That said, the man was also an egomaniac who could suck the air out of a room, as Felicia (Carey Mulligan) tells him wearily late in their marriage. It was Felicia, it turns out, who seduced him. She met him at a party, a few years after his triumphant Carnegie Hall debut, and immediately set her sights on him, bringing him to an empty theater to run (romantic) lines with her. He was delighted by her—and attracted as well. The film seems to suggest that Bernstein was a bisexual, as sexually and romantically drawn to Felicia as he was to the many men in his orbit, even his most frequent male lover, David Oppenheim (Matt Bohmer). Or maybe her attraction to him was enough for the both of them.

“You don’t know how much you need me, do you?” she tells him.

“I might,” he replies.

Whatever the case, she was the great love of his life, at least in this version of the story.

Fairly early in their relationship, Felicia figures out that “Lenny” also likes to sleep with men. (This apparently wasn’t that uncommon among the artsy set—at one point, Bernstein runs into David Oppenheim and his wife and baby. “Does she know I slept with both of her parents?” Bernstein trills.) But as Felicia admits, late in the film, she deluded herself into thinking she was okay with it—that it was a small price to pay for having this great man in her life. Of course, his frequent dalliances did create a rift in their relationship. Especially when he got indiscreet about them—she felt like he was humiliating her.

In one of the film’s best scenes—a dream sequence of sorts—Lenny finds himself on stage, dressed in a sailor suit, with the cast of On the Town. The handsome young actors push and pull on Lenny as Felicia tries to hold onto him amid the chaos. It’s a show-offy moment from Cooper but it is pulled off with panache. The man can really direct.

As Felicia, Mulligan matches the performance of her co-star note for note. (Rather touchingly, Cooper gives her first billing in the film’s credits; they should both earn Oscar nominations for their work.) Her Felicia is smart and self-assured, but there is an occasional brittleness to her smile—she got so good at faking the role of dutiful wife, she lost a bit of herself in the process. Both she and Cooper talk like highly educated, mid-century socialites. Cooper gives his Bernstein a kind of swinging patter—he’s this close to snapping his fingers when he talks. Mulligan sounds a bit like Katherine Hepburn—clipped, patrician, vaguely transatlantic. The stunning costumes and sets that steer us from the New York of the ’40s through the ’80s are swooningly perfect.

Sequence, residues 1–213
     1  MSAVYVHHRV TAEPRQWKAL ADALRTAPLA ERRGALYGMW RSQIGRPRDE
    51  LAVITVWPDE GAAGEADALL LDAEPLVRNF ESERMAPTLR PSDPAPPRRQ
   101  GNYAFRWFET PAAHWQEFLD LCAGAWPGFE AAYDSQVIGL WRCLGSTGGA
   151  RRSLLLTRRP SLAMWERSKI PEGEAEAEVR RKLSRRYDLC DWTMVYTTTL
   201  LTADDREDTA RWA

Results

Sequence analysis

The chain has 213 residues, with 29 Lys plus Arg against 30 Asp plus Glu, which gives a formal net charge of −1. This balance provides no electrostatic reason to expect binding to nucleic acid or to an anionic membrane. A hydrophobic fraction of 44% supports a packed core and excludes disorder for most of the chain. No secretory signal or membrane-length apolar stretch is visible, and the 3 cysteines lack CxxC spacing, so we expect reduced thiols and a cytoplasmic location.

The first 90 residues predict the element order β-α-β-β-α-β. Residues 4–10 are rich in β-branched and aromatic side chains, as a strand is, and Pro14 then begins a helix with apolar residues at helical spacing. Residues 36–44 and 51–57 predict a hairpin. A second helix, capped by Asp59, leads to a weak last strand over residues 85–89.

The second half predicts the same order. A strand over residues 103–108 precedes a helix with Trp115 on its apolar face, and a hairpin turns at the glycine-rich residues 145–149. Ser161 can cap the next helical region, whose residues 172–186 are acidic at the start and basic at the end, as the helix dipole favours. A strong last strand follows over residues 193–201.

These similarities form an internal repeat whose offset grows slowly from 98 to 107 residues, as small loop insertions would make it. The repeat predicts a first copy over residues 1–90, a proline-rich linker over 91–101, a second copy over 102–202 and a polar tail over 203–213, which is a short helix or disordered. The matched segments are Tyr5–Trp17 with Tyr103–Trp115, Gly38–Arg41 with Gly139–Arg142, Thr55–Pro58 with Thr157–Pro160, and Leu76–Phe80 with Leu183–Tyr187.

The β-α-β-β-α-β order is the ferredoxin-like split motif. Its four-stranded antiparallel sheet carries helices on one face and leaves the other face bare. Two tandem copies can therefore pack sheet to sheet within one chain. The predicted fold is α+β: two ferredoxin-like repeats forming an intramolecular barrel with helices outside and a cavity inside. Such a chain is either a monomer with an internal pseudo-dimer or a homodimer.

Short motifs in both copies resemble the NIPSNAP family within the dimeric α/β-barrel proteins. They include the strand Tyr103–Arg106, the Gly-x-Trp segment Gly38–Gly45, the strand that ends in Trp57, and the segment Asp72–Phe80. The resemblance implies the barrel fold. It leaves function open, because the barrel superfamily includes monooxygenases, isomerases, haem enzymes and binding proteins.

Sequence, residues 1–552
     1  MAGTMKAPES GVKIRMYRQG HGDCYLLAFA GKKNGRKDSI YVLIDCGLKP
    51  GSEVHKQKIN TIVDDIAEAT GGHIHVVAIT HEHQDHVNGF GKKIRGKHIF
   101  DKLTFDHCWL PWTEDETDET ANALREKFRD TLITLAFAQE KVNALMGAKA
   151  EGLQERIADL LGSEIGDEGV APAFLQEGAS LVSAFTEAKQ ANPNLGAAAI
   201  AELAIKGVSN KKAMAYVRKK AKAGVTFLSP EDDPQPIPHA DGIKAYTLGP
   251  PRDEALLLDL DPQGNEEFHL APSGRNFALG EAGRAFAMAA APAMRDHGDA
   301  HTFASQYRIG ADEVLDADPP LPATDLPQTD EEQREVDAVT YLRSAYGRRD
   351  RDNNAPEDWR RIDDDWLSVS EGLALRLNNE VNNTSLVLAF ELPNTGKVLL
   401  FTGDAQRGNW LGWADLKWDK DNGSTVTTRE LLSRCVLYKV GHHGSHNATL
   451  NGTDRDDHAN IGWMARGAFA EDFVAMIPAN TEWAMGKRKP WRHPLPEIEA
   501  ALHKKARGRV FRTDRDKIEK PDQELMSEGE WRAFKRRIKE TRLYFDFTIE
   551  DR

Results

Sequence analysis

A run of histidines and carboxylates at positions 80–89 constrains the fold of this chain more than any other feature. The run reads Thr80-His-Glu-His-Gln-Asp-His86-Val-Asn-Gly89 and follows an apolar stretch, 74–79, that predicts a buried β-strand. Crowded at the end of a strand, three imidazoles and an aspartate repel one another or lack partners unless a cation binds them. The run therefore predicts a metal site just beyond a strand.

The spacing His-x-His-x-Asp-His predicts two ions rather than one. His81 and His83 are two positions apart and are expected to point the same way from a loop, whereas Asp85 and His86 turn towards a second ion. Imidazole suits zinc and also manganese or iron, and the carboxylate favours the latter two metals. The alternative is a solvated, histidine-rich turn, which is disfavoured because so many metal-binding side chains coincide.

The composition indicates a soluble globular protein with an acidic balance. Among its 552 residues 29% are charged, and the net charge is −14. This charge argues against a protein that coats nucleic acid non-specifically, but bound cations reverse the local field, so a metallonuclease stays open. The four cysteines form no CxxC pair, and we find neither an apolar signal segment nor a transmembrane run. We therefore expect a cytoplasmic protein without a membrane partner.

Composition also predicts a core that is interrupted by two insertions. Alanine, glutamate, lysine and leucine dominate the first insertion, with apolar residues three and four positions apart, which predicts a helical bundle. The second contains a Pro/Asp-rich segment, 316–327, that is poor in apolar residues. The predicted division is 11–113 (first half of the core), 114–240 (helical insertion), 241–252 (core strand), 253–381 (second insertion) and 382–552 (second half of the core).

As a cellist who has sat in many an orchestra in her day, I give Cooper a B for his impression of a conductor at the podium. He gets Bernstein’s mannerisms and stage presence right, but the timekeeping is a bit wonky. (I give a slight edge to Cate Blanchett’s Lydia Tar in that respect, although Cooper spends a lot more time on stage conducting—including the famous, one-take, six-minute excerpt of Mahler’s Second Symphony that comes at the film’s climax.)

Maestro is not a complete portrait of Bernstein—how could it be? The man lived an uncommonly full and rich life. But it is a beautifully mounted, exquisitely acted film that draws us into Bernstein’s world through this intriguing love story. The film argues that Bernstein was such a voracious lover of life, his appetites could not be contained—for love, for sex, for the company of other people, and mostly for music. That’s why he refused to conform to the European model of a distinguished conductor—buttoned up and formal. He was a swashbuckler, whose sword was his baton.